Digging Jacksonville – June 2015
Chinese immigrants were an important part of early Jacksonville. Despite this, they were often victims of racist stereotypes both during the occupation of the Chinese Quarter, and today, through misrepresentations (or omissions) in the history of the American West. While this is part of a much larger discussion, some of the seeds of this cultural misunderstanding arose from the Chinese reliance on traditional foods, which differed greatly from that commonly found on Euro-American tables. During the excavation of the Chinese Quarter Site, a large volume of faunal material was recovered that included animal, bird, and fish bones from a variety of species. One of the highlights of the collection so far, was a butchered bear tibea (lower leg bone). While newspapers and journals indicate that bear was a fairly common food consumed in Jacksonville by a variety of people, the bone has a special connection to long-held traditions in Canton, China.
In traditional Chinese cuisine, bear paw was a delicacy served to the imperial and elite classes during large banquets. Extravagant meals where rare foods were served acted to confirm one’s status and display one’s prominence and wealth, as these items were difficult and expensive to obtain. Many of the bear paws that graced these formal tables were imported from the American west, where bears were abundant and in some cases, perceived as a nuisance to early settlers. While different foods were used during these feasts, bear paw stands out as a particularly-important status marker reserved for the highest class.
The presence of the bear tibia at the Jacksonville Chinese Quarter site suggests that the tradition could have come over to Oregon with the Chinese immigrants living in the area. While Jacksonville’s early census indicates that the Chinese Quarter residents held a range of occupations (from miner, cook, gambler, laundry man, to butcher, and merchant), presumably none of the early occupants were from the elite class that would have been consuming bear paws. While bear was a rare commodity in China, black and brown bear were very common in the Applegate and Rogue River valleys and are documented as a food source by Euro-Americans as well as the Chinese populations of the region. The presence of the butchering marks on the bear tibia is interesting as well, as they indicate the bear was butchered using traditional Euro-American cuts. However, the tibia cut would have been to remove the lower leg and foot from the roast (the desired part). However, the presence of the lower tibea bone in the Chinese Quarter assemblage suggests that this portion was being consumed.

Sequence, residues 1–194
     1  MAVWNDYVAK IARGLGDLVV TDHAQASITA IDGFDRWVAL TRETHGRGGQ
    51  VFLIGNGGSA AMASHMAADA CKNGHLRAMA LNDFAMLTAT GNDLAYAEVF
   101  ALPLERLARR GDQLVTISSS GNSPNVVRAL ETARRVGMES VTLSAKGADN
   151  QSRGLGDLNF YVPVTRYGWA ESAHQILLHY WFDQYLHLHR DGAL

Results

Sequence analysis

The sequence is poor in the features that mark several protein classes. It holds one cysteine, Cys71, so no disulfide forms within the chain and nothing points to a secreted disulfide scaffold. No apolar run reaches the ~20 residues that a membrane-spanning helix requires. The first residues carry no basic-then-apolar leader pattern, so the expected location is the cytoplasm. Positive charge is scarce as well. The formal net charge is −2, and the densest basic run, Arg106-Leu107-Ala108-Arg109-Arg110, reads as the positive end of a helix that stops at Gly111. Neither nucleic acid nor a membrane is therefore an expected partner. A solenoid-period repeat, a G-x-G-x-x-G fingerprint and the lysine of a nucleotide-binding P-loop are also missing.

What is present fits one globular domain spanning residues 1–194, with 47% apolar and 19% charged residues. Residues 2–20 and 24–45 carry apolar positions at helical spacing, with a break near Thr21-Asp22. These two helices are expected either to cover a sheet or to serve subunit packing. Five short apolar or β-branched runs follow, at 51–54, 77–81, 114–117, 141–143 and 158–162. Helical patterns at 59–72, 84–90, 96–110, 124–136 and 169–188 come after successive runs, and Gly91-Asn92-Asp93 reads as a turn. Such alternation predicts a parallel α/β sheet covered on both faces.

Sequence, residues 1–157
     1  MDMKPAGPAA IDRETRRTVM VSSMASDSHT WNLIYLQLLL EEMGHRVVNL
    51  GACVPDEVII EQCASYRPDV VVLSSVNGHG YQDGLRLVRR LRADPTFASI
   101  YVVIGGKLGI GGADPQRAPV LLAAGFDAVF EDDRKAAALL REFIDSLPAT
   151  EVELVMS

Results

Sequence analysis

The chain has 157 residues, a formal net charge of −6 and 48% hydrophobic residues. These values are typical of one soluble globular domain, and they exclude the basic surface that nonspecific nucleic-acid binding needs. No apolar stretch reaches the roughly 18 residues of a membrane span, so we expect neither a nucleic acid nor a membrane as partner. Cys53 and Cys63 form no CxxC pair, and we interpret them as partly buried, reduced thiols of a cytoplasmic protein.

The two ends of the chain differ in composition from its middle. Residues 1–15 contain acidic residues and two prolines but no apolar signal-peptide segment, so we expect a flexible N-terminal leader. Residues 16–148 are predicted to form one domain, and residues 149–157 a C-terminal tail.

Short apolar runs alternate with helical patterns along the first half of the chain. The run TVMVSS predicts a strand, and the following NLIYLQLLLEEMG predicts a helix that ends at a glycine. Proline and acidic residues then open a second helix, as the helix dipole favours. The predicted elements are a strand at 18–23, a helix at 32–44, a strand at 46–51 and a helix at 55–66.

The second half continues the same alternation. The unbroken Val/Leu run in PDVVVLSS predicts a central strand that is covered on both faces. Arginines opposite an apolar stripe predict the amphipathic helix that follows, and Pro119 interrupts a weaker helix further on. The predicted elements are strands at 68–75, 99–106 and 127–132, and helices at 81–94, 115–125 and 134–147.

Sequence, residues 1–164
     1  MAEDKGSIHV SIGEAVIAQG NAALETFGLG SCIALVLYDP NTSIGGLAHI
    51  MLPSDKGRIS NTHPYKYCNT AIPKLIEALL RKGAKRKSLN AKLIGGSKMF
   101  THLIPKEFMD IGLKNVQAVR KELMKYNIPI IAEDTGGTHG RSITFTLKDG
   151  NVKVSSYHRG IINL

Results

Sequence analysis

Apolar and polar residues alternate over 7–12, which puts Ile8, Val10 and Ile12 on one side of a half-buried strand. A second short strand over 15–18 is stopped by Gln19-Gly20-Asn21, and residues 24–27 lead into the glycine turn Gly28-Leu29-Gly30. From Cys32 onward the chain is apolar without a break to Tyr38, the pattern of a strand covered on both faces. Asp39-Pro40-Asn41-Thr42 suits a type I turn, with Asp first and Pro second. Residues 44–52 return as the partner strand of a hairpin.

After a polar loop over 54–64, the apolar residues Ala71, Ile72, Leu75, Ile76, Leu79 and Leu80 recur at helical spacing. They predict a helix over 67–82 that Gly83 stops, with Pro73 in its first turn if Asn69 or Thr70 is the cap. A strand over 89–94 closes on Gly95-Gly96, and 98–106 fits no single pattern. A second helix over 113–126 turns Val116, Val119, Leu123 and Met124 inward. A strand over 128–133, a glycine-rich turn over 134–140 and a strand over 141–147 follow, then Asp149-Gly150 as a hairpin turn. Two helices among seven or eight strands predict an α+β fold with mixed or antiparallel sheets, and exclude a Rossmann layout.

It is possible that the availability of these traditionally-rare and esteemed foods may have led to the adoption and adaptation of these dishes. While the abundance of the bear in the region may have resulted in them becoming an affordable food source for the Chinese populations of Jacksonville, the bone cut suggests that they could be preparing bear in traditional Chinese fashion. Therefore, the presence of the bear paw in the assemblage from the Chinese Quarter site of Jacksonville could reflect the blending of traditional cultural foodways with locally available foods, thus creating new food traditions on the Oregon frontier.
The excavations in the Jacksonville Chinese Quarter were funded by the City of Jacksonville and the Oregon Department of Transportation.